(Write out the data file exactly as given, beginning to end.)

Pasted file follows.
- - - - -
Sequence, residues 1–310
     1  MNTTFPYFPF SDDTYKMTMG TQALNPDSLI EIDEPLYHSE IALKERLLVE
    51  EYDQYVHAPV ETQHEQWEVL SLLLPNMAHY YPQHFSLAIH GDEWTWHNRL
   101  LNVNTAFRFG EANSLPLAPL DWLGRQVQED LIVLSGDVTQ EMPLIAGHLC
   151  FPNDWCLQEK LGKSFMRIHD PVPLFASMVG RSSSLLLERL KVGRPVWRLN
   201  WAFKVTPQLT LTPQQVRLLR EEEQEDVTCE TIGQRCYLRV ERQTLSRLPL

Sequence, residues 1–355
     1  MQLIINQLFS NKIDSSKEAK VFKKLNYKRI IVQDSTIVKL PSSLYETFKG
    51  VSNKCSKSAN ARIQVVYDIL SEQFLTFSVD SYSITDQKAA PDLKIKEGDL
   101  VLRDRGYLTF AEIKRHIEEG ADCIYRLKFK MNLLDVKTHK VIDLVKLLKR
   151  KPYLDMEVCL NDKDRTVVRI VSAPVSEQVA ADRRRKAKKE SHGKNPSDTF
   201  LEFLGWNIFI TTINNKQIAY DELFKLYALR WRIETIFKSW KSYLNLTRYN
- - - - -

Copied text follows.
Sequence, residues 1–310
     1  MNTTFPYFPF SDDTYKMTMG TQALNPDSLI EIDEPLYHSE IALKERLLVE
    51  EYDQYVHAPV ETQHEQWEVL SLLLPNMAHY YPQHFSLAIH GDEWTWHNRL
   101  LNVNTAFRFG EANSLPLAPL DWLGRQVQED LIVLSGDVTQ EMPLIAGHLC
   151  FPNDWCLQEK LGKSFMRIHD PVPLFASMVG RSSSLLLERL KVGRPVWRLN
   201  WAFKVTPQLT LTPQQVRLLR EEEQEDVTCE TIGQRCYLRV ERQTLSRLPL

Sequence, residues 1–355
     1  MQLIINQLFS NKIDSSKEAK VFKKLNYKRI IVQDSTIVKL PSSLYETFKG
    51  VSNKCSKSAN ARIQVVYDIL SEQFLTFSVD SYSITDQKAA PDLKIKEGDL
   101  VLRDRGYLTF AEIKRHIEEG ADCIYRLKFK MNLLDVKTHK VIDLVKLLKR
   151  KPYLDMEVCL NDKDRTVVRI VSAPVSEQVA ADRRRKAKKE SHGKNPSDTF
   201  LEFLGWNIFI TTINNKQIAY DELFKLYALR WRIETIFKSW KSYLNLTRYN